~George Washington - 1789
 
Posts: 2089 | Location: Where God breathes life into the Amber Waves of Grain and owns the cattle on a thousand hills. | Registered: 20 August 2002Reply With Quote
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Cast-bullet loads for the .458 Win Mag!
All kinds of possibilities from trapdoor .45-70 Govt ballistics (smokeless or BP) to Quigley Down Under loads with duplex loads.

Paul A. Matthews' has a .45-108-550 imitation load which he does with the .458 WinMag case
and a 550-gr paper-patched bullet giving 1342 fps, I guess, from a Ruger No.1.
He uses 12 grains of 4759 and 72 grains of FFg. Lessee, 12 x 3 = 36.
36 + 72 = 108 grains equivalent of BP
Just a little down under a Quigley.

The duplex loads burn clean, no blow tube huffing and puffing between shots needed,
but you can still make a lot of smoke from the muzzle when you pull the trigger,
if that special effect is desired. Cool

I have a 30" long Pedersoli .45-70 take-off barrel,
.458"-groove/.450"-bore and 1:18"-twist, full octagon 1.100 at breech to 1.000" at muzzle, across the flats.
Might whack off the threads on that and re-chamber it for .458 WinMag,
on a CZ 550 Magnum action
with Phat-American laminate stock hogged out for the barrel, left 29" long.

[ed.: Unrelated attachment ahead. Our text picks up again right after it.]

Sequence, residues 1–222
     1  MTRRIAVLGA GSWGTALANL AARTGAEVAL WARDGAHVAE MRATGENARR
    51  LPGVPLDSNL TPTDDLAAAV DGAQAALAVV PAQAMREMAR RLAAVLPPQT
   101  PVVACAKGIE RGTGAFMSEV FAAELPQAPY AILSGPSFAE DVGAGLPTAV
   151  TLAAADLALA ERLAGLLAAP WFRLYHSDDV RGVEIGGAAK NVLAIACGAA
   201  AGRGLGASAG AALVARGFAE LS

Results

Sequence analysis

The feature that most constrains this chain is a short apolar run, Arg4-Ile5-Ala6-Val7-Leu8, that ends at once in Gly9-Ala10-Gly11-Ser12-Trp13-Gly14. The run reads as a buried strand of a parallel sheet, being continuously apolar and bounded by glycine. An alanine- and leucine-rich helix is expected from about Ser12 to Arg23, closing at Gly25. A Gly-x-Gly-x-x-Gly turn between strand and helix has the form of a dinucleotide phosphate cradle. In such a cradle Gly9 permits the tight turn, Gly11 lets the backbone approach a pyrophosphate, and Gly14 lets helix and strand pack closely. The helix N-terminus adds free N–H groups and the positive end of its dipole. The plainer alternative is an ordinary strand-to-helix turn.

That would be a .450 Watts Short-C conversation piece for sure.
Dang, this thread has given me all kinds of ideas! Good or bad, yet to be decided. animal

The .458 WinMag cartridge case is ideal for cast bullet loads,
gas-checked or plain-based, fast or slow, bullets light or heavy as you like.
Tune the loads for accuracy, all else is easy.
How does that long SAAMI throat work for accuracy with cast bullets? Confused

Might need to consider a shorter effective throat for cast bullet accuracy.

Rip
.
 
Posts: 28032 | Location: KY | Registered: 09 December 2001Reply With Quote
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I finally thought of a way the .458 Lott might be considered in some way better than the .458 WinMag.
They both need to be chambered in a 3.8"-boxed rifle (e.g., CZ 550 Magnum, etc.) for maximum velocity.
They will both get about the same velocity and pressure,
but the .458 Lott might be more accurate overall with long loads and cast bullets.

However, a slugging of the throat on a SAAMI .458 WinMag and a bullet mould made to fit that throat ...
It would be sort of like a giant 22RF bullet,
.459"-diameter rebated base and .469"-diameter nose tapering at 1*30" for 0.650" length,
then some usual .458-caliber ogive on top of that ... NEVER MIND ... as you were.

Most cast bullets will have to jump a long way before starting to take the rifling engraving in a .458 WinMag.
But just for practice loads, minute of rolling tire would be fine.

I have had a few 3-shot, 0.75-MOA, 100-yard results from .458 WinMags with 500-grain, jacketed bullets,
and I have a CZ .458 WinMag factory test target from 2002 that is just about that also:
100 meters, 3 shots, 0.75" center-to-center.

I do not consider the SAAMI .458 WinMag to be inaccurate.

I hope that was the take-off barrel going onto my Pre-'64 WinM70 .450 Watts Short-A. hilbily